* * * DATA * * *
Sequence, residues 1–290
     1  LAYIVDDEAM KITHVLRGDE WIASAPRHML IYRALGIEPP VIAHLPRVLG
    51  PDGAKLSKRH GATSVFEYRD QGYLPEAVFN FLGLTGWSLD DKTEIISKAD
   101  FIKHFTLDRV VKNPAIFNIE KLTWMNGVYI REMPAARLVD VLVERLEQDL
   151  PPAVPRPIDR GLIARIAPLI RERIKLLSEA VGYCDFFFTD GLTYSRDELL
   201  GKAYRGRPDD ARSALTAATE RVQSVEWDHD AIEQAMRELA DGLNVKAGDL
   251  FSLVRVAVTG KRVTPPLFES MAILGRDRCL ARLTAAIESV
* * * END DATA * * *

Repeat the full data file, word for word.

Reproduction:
Sequence, residues 1–290
     1  LAYIVDDEAM KITHVLRGDE WIASAPRHML IYRALGIEPP VIAHLPRVLG
    51  PDGAKLSKRH GATSVFEYRD QGYLPEAVFN FLGLTGWSLD DKTEIISKAD
   101  FIKHFTLDRV VKNPAIFNIE KLTWMNGVYI REMPAARLVD VLVERLEQDL
   151  PPAVPRPIDR GLIARIAPLI RERIKLLSEA VGYCDFFFTD GLTYSRDELL
   201  GKAYRGRPDD ARSALTAATE RVQSVEWDHD AIEQAMRELA DGLNVKAGDL
   251  FSLVRVAVTG KRVTPPLFES MAILGRDRCL ARLTAAIESV